Shares and bonds of Chinese conglomerate CITIC Pacific surged after its state-owned parent, one of the country's biggest industrial companies, injected prime operating assets into the Hong Kong-listed firm.
In a sign that Beijing is intent on accelerating market-based economic reform, the move switches a raft of parent firm CITIC Group Corp's steel, property, banking and mining businesses out of full state control and into the glare of the private sector. The businesses made billion of dollars of profit last year for CITIC Group, which owns 57.5 percent of CITIC Pacific.
Investors sent CITIC Pacific stock as much as 30 percent higher on Thursday, welcoming the move as the most significant step taken by a central government-controlled enterprise in the current campaign to restructure Beijing's state-owned companies. It's the latest in a series of reforms planned by China to bolster the world's second-biggest economy as it slows after the blistering growth of the past decade.
"The backing of the government for all these companies is being slowly dissolved. These companies will have to stand by themselves," Hong Kong-based Jefferies strategist Sean Darby said.
At 0300 GMT, CITIC Pacific shares were trading up 13.6 percent at HK$14.38, having surged as high as HK$16.54 earlier in the session. The benchmark Hang Seng Index was flat.
The shares had been suspended from trading since last Monday pending an announcement. Trading volume were in excess of 115 million shares, close to 10 times the moving 30-day average.
CITIC Pacific's 2023 bonds traded up, with the issuer now seen by investors as a much stronger company. The curve has shifted up 5-10 points in price, with market betting on a rating upgrade which will take it closer to investment grade.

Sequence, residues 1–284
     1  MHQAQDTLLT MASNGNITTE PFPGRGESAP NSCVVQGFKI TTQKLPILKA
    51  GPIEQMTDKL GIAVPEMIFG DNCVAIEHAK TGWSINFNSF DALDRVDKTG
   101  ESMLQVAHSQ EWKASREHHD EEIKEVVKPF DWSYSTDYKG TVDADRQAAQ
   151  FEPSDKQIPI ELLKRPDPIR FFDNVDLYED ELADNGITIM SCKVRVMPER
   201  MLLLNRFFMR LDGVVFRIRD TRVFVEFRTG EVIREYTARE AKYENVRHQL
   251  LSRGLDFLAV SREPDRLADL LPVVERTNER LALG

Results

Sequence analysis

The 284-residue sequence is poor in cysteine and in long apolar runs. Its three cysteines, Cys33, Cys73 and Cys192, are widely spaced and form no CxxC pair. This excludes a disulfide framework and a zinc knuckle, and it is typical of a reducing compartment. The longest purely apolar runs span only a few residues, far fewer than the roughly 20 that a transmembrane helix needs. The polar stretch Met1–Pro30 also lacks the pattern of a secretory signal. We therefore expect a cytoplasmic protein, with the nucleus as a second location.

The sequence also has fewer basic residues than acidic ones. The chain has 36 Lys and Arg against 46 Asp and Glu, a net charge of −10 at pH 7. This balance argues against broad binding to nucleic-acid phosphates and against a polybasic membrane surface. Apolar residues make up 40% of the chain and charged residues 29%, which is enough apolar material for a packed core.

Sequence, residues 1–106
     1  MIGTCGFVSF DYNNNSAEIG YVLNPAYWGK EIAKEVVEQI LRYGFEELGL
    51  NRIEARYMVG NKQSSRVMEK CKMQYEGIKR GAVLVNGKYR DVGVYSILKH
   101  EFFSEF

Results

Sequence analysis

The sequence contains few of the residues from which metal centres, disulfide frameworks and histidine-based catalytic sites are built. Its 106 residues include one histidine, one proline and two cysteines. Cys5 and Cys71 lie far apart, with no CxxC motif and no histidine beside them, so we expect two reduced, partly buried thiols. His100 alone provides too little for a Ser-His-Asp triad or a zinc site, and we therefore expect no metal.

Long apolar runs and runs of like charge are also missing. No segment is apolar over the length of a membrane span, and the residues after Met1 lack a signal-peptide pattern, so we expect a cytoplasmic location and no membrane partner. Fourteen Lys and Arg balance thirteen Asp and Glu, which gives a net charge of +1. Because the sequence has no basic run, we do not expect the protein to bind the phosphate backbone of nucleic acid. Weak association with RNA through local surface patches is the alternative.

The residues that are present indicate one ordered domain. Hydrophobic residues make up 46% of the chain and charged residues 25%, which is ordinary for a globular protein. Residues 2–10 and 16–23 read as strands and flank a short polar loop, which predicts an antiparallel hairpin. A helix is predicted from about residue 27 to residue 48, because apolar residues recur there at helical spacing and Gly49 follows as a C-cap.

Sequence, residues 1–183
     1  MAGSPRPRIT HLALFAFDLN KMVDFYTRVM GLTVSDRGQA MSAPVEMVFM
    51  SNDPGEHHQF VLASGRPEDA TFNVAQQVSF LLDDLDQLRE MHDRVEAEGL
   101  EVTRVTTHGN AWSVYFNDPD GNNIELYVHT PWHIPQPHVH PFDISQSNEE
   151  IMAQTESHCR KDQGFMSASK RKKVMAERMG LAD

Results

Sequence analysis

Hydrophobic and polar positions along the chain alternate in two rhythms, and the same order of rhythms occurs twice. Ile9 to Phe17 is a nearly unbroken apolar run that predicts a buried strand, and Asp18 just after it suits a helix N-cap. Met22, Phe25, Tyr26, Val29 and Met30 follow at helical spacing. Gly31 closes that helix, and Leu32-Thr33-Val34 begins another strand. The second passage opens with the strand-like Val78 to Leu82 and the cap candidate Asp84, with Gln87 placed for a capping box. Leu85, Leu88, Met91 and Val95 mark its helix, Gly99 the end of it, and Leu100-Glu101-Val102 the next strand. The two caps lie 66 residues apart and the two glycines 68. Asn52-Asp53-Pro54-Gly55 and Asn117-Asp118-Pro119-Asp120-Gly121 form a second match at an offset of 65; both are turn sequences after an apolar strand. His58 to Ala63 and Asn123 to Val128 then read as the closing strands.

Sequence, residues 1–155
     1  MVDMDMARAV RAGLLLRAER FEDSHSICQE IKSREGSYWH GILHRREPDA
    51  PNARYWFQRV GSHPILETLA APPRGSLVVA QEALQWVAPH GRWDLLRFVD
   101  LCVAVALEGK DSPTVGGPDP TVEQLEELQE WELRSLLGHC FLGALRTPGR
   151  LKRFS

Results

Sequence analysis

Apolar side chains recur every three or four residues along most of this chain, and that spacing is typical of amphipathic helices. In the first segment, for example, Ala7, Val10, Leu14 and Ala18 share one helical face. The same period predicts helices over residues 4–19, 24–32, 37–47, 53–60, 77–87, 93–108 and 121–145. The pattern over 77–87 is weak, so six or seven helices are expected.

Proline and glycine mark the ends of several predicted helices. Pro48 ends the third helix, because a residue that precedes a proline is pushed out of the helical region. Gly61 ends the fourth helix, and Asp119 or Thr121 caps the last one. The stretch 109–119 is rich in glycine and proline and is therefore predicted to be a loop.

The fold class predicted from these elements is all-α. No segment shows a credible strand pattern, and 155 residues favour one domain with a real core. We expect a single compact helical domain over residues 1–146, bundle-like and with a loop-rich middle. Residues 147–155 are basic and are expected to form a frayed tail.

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Chinese President Xi Jinping is personally leading the charge of economic and social reforms, underscoring his determination to push through change amid fears of resistance from vested interests.
As part of that process, China Petroleum and Chemical Corp (Sinopec Corp) is planning to sell an up to 30 percent stake in its sprawling market business, a restructuring analysts say could raise $10-20 billion.
CITIC Group was established in 1979 by Rong Yiren, one of the few industrialists to stay behind in the mainland after the revolution of 1949. The company was set up with the support of former leader Deng Xiaoping, and now has 11 stock market-listed entities, including commercial lender China Citic Bank Corp , worth $32 billion by market capitalisation.
Rong's son, Larry Yung founded CITIC Pacific and went on to become one of China's richest men.
CITIC Pacific said in a filing late on Wednesday that it will acquire 100 percent of CITIC , the business housing the CITIC Group assets, using a combination of new shares and cash. CITIC Pacific will issue an undisclosed number of shares at a price of HK$13.48 each, equivalent to a 6.5 percent premium to its Monday close of HK$12.66, subject to a definitive agreement.
CITIC had total equity of about 225 billion yuan ($36.3 billion) at the end of 2013.
CITIC's businesses in China range from real estate to banking, securities, infrastructure, energy, natural resources and engineering among others. It made a net profit of 34 billion yuan ($5.48 billion) in 2013, the filing said.